Beautiful Thing is a play that has earned its place in the queer canon of theatre and from this 30th anniversary revival it’s easy to see why. It truly is a rare and special show; while we see a lot of queer theatre, we don’t often see plays as heartwarming and uplifting as this one. We’ve reviewed countless LGBTQ+ shows over the years and have seen similar themes emerging – HIV/AIDS stories, or working through shame or trauma – and while these are of course important issues that need a spotlight shone on them, there are other stories to be told and Beautiful Thing is one to be celebrated.
For those unfamiliar with Jonathan Harvey’s seminal work, it focuses on the lives of gay teenagers Jamie (Rilwan Abiola Owokoniran) and Ste (Raphael Akuwudike), who are neighbours on a council estate in Thamesmead. Jamie’s mother Sandra (Shvorne Marks) is concerned for Ste’s safety, with a seemingly violent situation at home, and invites him to stay. Jamie and Ste end up sharing a bed and… well, we won’t spoil what happens next. Over the course of two hours we also meet neighbour Leah (Scarlett Rayner) and Sandra’s boyfriend Tony (Trieve Blackwood-Cambridge).
We felt it important to namecheck each individual cast member as they all turn in excellent performances. The source material is, of course, excellent: there’s a reason this play has stood the test of time and has also been turned into a hit film – Jonathan Harvey’s text is engaging, charming and full of brilliant one-liners – and each actor delivers their part with warmth and expert timing. We’re hard pressed to pick a favourite as everyone is individually so strong, although Shvorne Marks as mother Sandra is a strong contender, displaying some brilliant physical comedy and facial expressions; she exudes an effortless charm.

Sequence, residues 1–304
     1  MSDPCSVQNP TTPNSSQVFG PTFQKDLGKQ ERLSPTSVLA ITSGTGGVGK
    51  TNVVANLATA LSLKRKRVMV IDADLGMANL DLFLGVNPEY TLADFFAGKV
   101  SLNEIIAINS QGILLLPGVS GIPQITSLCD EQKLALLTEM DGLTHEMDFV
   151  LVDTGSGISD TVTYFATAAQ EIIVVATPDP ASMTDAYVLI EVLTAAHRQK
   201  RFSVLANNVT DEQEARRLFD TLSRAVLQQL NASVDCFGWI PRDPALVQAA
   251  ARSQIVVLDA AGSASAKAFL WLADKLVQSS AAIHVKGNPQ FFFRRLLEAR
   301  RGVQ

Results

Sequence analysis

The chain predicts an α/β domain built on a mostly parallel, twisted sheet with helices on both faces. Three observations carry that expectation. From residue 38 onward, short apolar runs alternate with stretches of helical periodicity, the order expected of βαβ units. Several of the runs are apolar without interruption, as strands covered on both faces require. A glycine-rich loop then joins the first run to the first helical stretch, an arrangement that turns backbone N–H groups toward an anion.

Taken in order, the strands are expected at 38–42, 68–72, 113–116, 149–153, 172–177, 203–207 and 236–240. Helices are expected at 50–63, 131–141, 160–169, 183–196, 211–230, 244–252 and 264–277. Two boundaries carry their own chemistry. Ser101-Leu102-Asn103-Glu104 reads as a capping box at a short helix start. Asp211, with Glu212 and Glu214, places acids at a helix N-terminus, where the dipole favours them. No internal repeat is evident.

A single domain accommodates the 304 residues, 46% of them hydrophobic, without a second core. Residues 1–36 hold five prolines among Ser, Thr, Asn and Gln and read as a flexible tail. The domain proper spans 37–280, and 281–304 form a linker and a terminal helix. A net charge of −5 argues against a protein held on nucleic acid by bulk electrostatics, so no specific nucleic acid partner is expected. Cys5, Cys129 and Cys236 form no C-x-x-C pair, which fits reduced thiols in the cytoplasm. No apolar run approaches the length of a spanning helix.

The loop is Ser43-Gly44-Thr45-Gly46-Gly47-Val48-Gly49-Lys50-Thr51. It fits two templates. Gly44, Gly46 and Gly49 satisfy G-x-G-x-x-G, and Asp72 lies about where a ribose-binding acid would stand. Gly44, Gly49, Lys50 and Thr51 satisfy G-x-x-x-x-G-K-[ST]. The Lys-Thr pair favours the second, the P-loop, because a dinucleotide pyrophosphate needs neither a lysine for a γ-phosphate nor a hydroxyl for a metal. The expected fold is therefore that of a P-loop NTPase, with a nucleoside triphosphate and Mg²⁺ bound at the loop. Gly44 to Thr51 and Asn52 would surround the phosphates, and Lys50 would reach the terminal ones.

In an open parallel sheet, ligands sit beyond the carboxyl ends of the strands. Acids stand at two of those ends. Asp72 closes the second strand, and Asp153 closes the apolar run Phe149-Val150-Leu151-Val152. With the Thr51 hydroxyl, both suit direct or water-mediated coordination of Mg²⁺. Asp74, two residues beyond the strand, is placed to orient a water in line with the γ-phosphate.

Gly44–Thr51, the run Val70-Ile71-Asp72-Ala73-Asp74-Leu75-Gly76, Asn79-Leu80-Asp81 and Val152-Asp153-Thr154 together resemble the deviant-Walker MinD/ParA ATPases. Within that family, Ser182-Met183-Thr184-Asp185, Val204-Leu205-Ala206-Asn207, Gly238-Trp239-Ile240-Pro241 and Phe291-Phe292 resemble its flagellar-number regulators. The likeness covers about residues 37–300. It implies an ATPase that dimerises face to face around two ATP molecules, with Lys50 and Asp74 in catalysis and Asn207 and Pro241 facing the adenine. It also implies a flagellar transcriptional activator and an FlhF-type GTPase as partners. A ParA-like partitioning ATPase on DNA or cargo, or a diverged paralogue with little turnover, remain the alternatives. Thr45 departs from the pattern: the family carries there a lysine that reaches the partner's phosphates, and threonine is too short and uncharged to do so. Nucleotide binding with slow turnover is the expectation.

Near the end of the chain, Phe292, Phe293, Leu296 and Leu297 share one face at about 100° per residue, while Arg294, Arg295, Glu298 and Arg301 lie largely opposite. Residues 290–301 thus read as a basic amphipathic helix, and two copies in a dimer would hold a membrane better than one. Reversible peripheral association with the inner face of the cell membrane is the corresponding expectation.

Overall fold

It’s a simply-staged show which manages to capture the essence of ’90s England. Whether one of the boys is brandishing an immaculately-preserved copy of GAY TIMES magazine from 30 years ago, or they’re playing cassettes or discussing what nice boys East 17 are, we bought into the time and place of Beautiful Thing. It’s not the most impressive looking or sounding production we’ve seen, but with dialogue this sharp and acting this strong it doesn’t really need any additional bells and whistles.
We had a thoroughly enjoyable evening at the theatre with Beautiful Thing: this is a coming out and coming-of-age story about discovery, of finding out that there are other people like you, and opening up an exciting new world of possibilities. It’s also important to remember that when this show debuted in 1993 it was against a backdrop of Section 28, at the height of the HIV/AIDS crisis, in a world where the media and government were demonising gay people. Jonathan Harvey set out to show that the love between two men can be tender, it can indeed be something beautiful – this play shows that it truly is.
GAY TIMES gives Beautiful Thing – 4/5